Harden v. Fields
DECISION AND ORDER: ORDERED, that the Petition (Dkt. No. 1 ) is DISMISSED without prejudice for failure to exhaust available state court remedies. ORDERED, that no certificate of appealability ("COA") shall issue in this case because p etitioner has failed to make "a substantial showing of the denial of a constitutional right" pursuant to 28 U.S.C. § 2253(c)(2). Any further request for a COA must be addressed to the Court of Appeals for the Second Circuit pursuant to Rule 22(b) of the Federal Rules of Appellate Procedure. Signed by Senior Judge Lawrence E. Kahn on 7/12/17. (served on petitioner by regular mail)(alh, )
UNITED STATES DISTRICT COURT
NORTHERN DISTRICT OF NEW YORK
ANTHONY C. HARDEN,
DECISION AND ORDER
Petitioner Anthony C. Harden filed a petition for a writ of habeas corpus and exhibits
pursuant to 28 U.S.C. § 2254. Dkt. No. 1 (“Petition”); Dkt. No. 1-1 (“Exhibits”).1 He paid the
filing fee. For the reasons that follow, the Petition is dismissed as premature.
Petitioner challenges his 2013 conviction in Albany County for two counts of second
degree assault. Pet. at 1. The Appellate Division affirmed the conviction on December 3, 2015,
and the New York Court of Appeals denied leave to appeal on June 7, 2016. Id. at 2; People v.
Harden, 21 N.Y.S.3d 730, 736 (App. Div. 2015), lv. denied 27 N.Y.3d 1133 (2016).
Petitioner argues that he is entitled to “[i]mmediate release from prison,” Pet. at 15,
because his trial counsel was ineffective (Grounds One, Two, Three, Four, and Six), the trial
court sentenced him to unlawful consecutive terms of imprisonment (Ground Five), and his
appellate counsel was ineffective (Grounds Seven through Nine). Pet. at 5–12; Ex. K at 45–48.
The cited page numbers refer to those generated by the Court’s electronic filing system
(“ECF”). Exhibit K to the Petition is essentially an appendix, which states grounds five through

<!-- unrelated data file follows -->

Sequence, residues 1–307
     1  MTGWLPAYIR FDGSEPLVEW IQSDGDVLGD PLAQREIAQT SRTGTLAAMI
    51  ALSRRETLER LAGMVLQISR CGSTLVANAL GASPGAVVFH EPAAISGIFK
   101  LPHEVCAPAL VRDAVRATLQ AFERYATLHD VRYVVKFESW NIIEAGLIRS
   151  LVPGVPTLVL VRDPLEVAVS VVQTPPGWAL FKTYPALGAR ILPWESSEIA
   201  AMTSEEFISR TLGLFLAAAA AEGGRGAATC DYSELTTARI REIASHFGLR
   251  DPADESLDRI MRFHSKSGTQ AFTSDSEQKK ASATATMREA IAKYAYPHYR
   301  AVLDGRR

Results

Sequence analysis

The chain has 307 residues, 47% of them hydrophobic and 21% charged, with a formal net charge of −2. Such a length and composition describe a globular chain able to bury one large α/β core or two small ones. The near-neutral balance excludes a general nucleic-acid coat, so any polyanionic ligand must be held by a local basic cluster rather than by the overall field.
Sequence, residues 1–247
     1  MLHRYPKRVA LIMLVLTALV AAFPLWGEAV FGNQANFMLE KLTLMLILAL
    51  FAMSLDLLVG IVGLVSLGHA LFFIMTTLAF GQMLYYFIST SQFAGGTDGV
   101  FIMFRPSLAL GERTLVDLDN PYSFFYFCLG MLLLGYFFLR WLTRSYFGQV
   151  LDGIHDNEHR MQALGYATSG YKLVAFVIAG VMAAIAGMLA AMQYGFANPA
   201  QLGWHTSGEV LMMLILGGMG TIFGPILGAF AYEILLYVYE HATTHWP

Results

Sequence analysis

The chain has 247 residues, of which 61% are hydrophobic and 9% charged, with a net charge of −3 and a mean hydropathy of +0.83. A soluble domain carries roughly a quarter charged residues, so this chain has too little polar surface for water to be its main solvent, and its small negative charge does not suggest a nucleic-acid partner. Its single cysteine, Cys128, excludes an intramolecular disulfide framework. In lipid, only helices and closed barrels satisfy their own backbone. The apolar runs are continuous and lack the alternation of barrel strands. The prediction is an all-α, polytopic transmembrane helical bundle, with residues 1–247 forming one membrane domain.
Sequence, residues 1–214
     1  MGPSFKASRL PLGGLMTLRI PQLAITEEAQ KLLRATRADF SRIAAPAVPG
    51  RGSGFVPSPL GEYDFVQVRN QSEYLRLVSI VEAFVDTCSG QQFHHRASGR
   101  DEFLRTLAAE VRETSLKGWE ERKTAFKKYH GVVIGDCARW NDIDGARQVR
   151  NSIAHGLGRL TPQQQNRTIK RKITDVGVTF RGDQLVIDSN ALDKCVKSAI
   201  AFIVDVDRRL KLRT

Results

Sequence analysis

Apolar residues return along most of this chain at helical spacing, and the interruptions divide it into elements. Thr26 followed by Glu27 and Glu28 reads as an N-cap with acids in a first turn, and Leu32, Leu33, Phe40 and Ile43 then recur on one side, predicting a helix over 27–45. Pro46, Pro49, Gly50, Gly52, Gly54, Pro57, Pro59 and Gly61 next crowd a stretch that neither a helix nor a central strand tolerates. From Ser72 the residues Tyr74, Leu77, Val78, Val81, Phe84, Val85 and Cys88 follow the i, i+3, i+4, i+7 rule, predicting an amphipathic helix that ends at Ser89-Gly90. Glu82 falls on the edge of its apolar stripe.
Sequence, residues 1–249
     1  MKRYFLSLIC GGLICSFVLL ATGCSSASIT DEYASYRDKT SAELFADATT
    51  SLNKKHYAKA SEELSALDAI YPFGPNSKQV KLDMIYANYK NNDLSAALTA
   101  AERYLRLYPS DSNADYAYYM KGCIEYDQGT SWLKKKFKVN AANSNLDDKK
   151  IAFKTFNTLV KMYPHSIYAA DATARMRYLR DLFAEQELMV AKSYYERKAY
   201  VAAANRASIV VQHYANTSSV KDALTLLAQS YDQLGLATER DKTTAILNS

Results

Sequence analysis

nine of the Petition.
Petitioner has raised his appellate counsel claims in a state court application for a writ of coram
nobis, which is currently pending in the Appellate Division. Pet. at 12; Ex. K at 46–48.
A court may not grant an application for a writ of habeas corpus until the applicant has
exhausted all available state court remedies unless “there is an absence of available State
corrective process” or “circumstances exist that render such process ineffective to protect the
rights of the applicant.” 28 U.S.C. § 2254(b)(1). The exhaustion requirement “is principally
designed to protect the state courts’ role in the enforcement of federal law and prevent disruption
of state judicial proceedings.” Jimenez v. Walker, 458 F.3d 130, 149–50 (2d Cir. 2006) (quoting
Rose v. Lundy, 455 U.S. 509, 518 (1982)).
To fully exhaust his state court remedies, a petitioner must “fairly present” each claim for
habeas relief in “each appropriate state court (including a state supreme court with powers of
discretionary review), thereby alerting that court to the federal nature of the claim.” Baldwin v.
Reese, 541 U.S. 27, 29 (2004). In other words, habeas petitioners “must give the state courts one
full opportunity to resolve any constitutional issues by invoking one complete round of the
State’s established appellate review process.” O’Sullivan v. Boerckel, 526 U.S. 838, 845 (1999).
The petitioner must also use the proper procedural vehicle so that the state court may pass on the
merits of his claims. Dean v. Smith, 753 F.2d 239, 241 (2d Cir. 1985).
As noted above, Petitioner has a pending state court action in which he raises the
appellate counsel claims set forth in Grounds Seven through Nine of his Petition. Pet. at 12.
Because that action remains pending, Petitioner has not exhausted his state court remedies with
respect to his ineffective assistance of appellate counsel claims.
There is no basis to conclude that either of the § 2254(b)(1) exceptions applies here.
Petitioner does not indicate that he lacks an available state corrective process or allege
circumstances that render the state court process ineffective to protect his rights. § 2254(b)(1)(B);